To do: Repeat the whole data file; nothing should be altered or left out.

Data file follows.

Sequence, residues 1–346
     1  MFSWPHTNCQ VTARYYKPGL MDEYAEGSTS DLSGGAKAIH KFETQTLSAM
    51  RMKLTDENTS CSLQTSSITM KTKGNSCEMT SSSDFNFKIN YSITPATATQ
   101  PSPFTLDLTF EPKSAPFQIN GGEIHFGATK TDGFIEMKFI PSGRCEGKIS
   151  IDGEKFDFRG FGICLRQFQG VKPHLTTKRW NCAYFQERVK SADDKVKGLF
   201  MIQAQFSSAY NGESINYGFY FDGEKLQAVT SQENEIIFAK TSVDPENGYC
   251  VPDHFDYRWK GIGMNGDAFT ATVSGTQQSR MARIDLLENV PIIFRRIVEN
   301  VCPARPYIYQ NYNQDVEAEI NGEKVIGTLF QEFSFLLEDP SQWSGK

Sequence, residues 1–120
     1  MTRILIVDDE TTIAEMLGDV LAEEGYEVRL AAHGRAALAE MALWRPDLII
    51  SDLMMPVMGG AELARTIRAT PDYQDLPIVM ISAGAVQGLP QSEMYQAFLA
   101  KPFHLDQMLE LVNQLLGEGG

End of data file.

Sequence, residues 1–346
     1  MFSWPHTNCQ VTARYYKPGL MDEYAEGSTS DLSGGAKAIH KFETQTLSAM
    51  RMKLTDENTS CSLQTSSITM KTKGNSCEMT SSSDFNFKIN YSITPATATQ
   101  PSPFTLDLTF EPKSAPFQIN GGEIHFGATK TDGFIEMKFI PSGRCEGKIS
   151  IDGEKFDFRG FGICLRQFQG VKPHLTTKRW NCAYFQERVK SADDKVKGLF
   201  MIQAQFSSAY NGESINYGFY FDGEKLQAVT SQENEIIFAK TSVDPENGYC
   251  VPDHFDYRWK GIGMNGDAFT ATVSGTQQSR MARIDLLENV PIIFRRIVEN
   301  VCPARPYIYQ NYNQDVEAEI NGEKVIGTLF QEFSFLLEDP SQWSGK

Sequence, residues 1–120
     1  MTRILIVDDE TTIAEMLGDV LAEEGYEVRL AAHGRAALAE MALWRPDLII
    51  SDLMMPVMGG AELARTIRAT PDYQDLPIVM ISAGAVQGLP QSEMYQAFLA
   101  KPFHLDQMLE LVNQLLGEGG